Unlike London’s Tube, the Parisiennes have figured out a way to have their cake and eat it too. The Louve-Rivolis Station was tastefully decorated and even had public art [see image]. Granted it was the official stop for the world-famous tourist destination which houses the Mona Lisa, but when I compare that to 22nd Street Station…or any SkyTrain stop in the Royal City, I can’t help but think we could and should be doing better.
The French have long understood that if you make something pleasing to the eye, humans are more apt to consume it, ride on it or live in it. It’s a lesson a number of our local municipalities and businesses should observe – particularly when cities are building public projects. If you want to see what I mean, just visit the New Westminster SkyTrain station to witness first-hand how a good redesign concept can go really bad.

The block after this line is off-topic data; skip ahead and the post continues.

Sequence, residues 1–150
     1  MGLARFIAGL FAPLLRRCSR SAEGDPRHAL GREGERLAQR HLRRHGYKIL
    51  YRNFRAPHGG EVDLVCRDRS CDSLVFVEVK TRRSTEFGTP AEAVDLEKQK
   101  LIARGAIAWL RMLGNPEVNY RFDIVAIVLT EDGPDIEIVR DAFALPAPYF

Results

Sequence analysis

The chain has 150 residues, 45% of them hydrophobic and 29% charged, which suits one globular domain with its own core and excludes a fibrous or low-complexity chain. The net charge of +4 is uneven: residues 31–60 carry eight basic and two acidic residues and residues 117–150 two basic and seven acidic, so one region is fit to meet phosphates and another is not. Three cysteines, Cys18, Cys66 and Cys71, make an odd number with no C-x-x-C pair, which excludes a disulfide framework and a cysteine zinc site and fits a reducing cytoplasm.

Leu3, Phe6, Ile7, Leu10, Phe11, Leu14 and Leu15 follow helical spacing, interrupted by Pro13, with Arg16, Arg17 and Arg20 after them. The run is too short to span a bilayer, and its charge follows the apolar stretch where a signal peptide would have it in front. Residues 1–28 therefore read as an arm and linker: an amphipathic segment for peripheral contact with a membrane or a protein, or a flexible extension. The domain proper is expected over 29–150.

On Day 2 we had pre-booked a cyling tour which would take us around Paris in places few would venture to go with their vehicle. We had a great 20 something dual citizen [French-English] named Sam who sported a British accent and seemed at times utterly spellbound by the beauty and history of Paris.
Our group of 12 riders mounted aboard our bikes [sans helmet as it is not the law unless you are my son’s age] and away we went. It was an amazing back of stage tour which lasted just under four hours and provided us with just the right amount of history and context. It also gave me a new appreciation regarding how bikes, cars and pedestrians can all co-exist without a dedicated bike lane.
I referred to this portion of the trip as organized chaos. Cars weaving in and out of traffic. Cyclists almost sideswiping pedestrians. It was all just so nuts…yet it all seems to work. There most certainly is a natural rhythm and balance to this imperfect symbiotic relationship between car, cycle and pedestrian. Take note Vancouver!